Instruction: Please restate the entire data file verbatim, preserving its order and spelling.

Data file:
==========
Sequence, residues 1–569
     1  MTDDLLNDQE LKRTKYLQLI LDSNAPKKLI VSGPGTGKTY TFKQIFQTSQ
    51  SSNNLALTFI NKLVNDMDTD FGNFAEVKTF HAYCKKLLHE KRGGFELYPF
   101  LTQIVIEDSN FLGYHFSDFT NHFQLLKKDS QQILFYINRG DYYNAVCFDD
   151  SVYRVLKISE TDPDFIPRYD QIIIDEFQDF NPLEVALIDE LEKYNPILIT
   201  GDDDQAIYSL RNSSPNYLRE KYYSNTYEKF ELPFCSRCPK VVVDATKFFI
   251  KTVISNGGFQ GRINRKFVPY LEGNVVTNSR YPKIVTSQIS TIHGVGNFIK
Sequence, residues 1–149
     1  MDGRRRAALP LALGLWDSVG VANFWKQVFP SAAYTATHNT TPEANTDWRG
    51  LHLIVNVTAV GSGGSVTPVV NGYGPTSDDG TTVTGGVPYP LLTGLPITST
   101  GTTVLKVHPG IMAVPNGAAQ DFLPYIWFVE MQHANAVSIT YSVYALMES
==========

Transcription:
Sequence, residues 1–569
     1  MTDDLLNDQE LKRTKYLQLI LDSNAPKKLI VSGPGTGKTY TFKQIFQTSQ
    51  SSNNLALTFI NKLVNDMDTD FGNFAEVKTF HAYCKKLLHE KRGGFELYPF
   101  LTQIVIEDSN FLGYHFSDFT NHFQLLKKDS QQILFYINRG DYYNAVCFDD
   151  SVYRVLKISE TDPDFIPRYD QIIIDEFQDF NPLEVALIDE LEKYNPILIT
   201  GDDDQAIYSL RNSSPNYLRE KYYSNTYEKF ELPFCSRCPK VVVDATKFFI
   251  KTVISNGGFQ GRINRKFVPY LEGNVVTNSR YPKIVTSQIS TIHGVGNFIK
Sequence, residues 1–149
     1  MDGRRRAALP LALGLWDSVG VANFWKQVFP SAAYTATHNT TPEANTDWRG
    51  LHLIVNVTAV GSGGSVTPVV NGYGPTSDDG TTVTGGVPYP LLTGLPITST
   101  GTTVLKVHPG IMAVPNGAAQ DFLPYIWFVE MQHANAVSIT YSVYALMES